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As a pastor, it is not uncommon for me to get asked, “What does your church believe about [blank]? And there is any number of theological or social issues that might fill that blank. Or I might get asked, “What does your church do about [blank]? Again, any number of social or cultural issues might fill in that blank. And when I get that question, I struggle to answer because the question itself is built on a premise that thinks about the church differently than I do. For just a few minutes this morning, I’d like us to consider what this thing called “the church” is and why that is such an important question for each of us to consider.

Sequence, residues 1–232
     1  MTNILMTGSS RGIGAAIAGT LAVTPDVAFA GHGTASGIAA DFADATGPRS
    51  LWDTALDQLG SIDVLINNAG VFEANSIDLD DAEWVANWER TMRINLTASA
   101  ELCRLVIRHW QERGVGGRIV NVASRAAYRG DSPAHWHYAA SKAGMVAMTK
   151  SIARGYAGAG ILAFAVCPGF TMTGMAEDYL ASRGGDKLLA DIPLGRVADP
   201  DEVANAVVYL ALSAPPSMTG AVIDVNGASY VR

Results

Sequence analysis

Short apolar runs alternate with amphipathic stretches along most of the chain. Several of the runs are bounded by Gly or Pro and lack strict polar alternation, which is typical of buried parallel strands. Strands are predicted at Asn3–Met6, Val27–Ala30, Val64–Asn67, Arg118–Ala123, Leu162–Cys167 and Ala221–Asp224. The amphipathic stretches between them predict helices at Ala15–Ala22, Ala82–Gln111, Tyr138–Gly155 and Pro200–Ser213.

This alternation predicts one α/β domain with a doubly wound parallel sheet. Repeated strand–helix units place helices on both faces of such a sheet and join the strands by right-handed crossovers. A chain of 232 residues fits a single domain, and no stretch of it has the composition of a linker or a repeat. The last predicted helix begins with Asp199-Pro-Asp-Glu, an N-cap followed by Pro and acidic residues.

When talking about “the church” there are different ways to approach it. Because I want to specifically address the challenge I face in talking about “my church” I am going to ignore two of those ways for this episode. I am not going to try to address “the universal church” which would include people from all kinds of denominational contexts and ranges of conviction. I’m also not going to talk about the church as our denominational family…the Be In Christ Church of Canada. Most of the time when people ask about “my church” they are talking about Covenant Christian Community Church. Even defining that is increasingly challenging for a number of reasons.